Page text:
Friday, September 14, 2012

The Heat Is On

Image Credit: Climate Central.

The January-August period was the warmest first eight months of any year on record for the contiguous United States. The national temperature of 58.7°F was 4.0°F above the 20th century average, and 1.0°F above the previous record warm January-August of 2006. During the eight-month period, 33 states were record warm and an additional 12 states were top ten warm. Only Washington had statewide temperatures near average for the period.

The statewide ranks of temperatures since 1895 and the top ten warmest January-August periods in South Carolina.  Image Credit: NOAA\NCDC.

Climate Central has developed an interactive map that illustrates the record heat experienced across the country.  Not only has it been the hottest year in the U.S. since recordkeeping began in 1895, but so far more than 28,000 individual daily high-temperature records have been matched or broken.

The interactive map can be found here.  Image Credit: Climate Central.

Here is a summary of the interactive map:

  • The “Number of Records” map simply shows how many records were set in each state.
  • Since some states have a lot more measuring stations than others, the “Records/Station” map shows how many daily records were broken, on average, at each station, in order to give equal weight to states with fewer stations.
  • The “vs. Expected” map takes into account how difficult it actually is to break a record, based on what year data collection began (for example, a station that’s been recording for 100 years will have had more chances to set a very high record, which is harder to break, than a station that’s only 40 years old).
  • The “Ratio to Low” map ranks states on how much high-temperature records outnumber low-temperature records.
  • Finally, the “Overall” map represents an average of all these measures, in order to show which states broke the most records and how unusual these records are.

The “Ratio to Low” map provides a useful way of showing that record high temperatures have outnumbered record low temperatures all over the country. In an unchanging climate, the ratio of record highs to record lows is expected to be roughly 1:1 on average and in the long term. A ratio greater than 1:1 suggests a warming climate. This year, not a single state has seen more lows than highs, or even a 1:1 ratio. This follows a string of years in the last decade or so during which the record high to record low ratio over the U.S. has been persistently and significantly larger than 1 as a long term trend.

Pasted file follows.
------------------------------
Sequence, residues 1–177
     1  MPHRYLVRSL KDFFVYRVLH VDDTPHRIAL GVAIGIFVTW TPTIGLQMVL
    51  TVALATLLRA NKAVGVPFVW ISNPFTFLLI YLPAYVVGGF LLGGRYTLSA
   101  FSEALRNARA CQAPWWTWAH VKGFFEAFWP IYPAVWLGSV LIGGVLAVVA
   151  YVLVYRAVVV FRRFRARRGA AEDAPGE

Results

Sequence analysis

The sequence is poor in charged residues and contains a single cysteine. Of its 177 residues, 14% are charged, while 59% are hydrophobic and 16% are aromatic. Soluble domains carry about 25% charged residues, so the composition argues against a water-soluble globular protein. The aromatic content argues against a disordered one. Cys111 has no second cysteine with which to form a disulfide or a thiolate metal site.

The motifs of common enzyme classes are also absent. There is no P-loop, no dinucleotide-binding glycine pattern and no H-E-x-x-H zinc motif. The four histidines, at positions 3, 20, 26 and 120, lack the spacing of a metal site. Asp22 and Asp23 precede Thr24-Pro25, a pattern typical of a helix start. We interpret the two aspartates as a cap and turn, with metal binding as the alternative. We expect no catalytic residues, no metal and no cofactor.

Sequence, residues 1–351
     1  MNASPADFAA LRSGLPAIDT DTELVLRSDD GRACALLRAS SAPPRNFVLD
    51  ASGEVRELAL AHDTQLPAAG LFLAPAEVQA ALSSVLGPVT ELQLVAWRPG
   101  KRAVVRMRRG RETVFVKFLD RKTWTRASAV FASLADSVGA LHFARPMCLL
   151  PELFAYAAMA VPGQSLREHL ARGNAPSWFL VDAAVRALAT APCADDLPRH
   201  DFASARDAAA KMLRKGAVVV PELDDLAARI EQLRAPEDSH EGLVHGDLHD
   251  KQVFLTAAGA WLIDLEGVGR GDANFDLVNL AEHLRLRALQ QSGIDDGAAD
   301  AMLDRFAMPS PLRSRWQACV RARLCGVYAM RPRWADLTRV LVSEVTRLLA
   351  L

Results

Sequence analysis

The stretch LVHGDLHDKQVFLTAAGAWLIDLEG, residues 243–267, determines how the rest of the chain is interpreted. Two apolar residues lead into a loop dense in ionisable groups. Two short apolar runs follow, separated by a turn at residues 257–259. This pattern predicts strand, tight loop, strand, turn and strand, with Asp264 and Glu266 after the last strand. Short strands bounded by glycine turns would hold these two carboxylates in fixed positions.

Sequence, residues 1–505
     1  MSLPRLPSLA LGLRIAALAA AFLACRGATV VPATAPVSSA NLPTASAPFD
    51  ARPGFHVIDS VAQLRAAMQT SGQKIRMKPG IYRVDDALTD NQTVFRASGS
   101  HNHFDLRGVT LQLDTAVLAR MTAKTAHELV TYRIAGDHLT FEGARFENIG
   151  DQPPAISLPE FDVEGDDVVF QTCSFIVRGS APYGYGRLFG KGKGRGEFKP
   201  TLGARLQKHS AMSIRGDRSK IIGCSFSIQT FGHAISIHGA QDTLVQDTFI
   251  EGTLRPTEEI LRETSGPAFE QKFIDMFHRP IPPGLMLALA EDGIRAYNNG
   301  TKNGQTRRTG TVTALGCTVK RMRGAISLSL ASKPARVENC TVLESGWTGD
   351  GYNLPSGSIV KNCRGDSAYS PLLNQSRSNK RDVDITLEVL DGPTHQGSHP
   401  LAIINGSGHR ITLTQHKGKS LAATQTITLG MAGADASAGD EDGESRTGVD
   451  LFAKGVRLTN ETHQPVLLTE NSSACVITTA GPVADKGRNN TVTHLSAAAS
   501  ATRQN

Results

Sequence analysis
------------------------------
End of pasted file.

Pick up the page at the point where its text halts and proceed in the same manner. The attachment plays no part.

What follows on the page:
This is what you find for South Carolina:

Image Credit: Climate Central.

South Carolina comes in 39th in the overall ranking. However, it has a large ratio of record highs to record lows (almost 5:1). While this is below the national average of 13.37, it still means that every time a station reported a record low temperature, 5 other stations reported record highs.

The average summer temperature turned out to be near normal for Columbia in spite of setting an all-time record high of 109 F on the last two days of June.  It was 106 F on July 1, but the humidity was much higher and the heat index reached 119 F followed by severe thunderstorms.  It still turned out to be the hottest January-August period since the National Weather Service Forecast Office was relocated to the airport in 1948.

Image Credit: Climate Central.

The past five month have seen the top five warmest 12-month periods for the country since records began in 1895.

The warmest 12-month periods.  Image Credit: NOAA\NCDC.

Clearly 2012 is on track to be the warmest year on record.  Keep in mind that this is only for the contiguous United States and is not for the globe.  That remains to be played out, but I discussed this back in January in this post.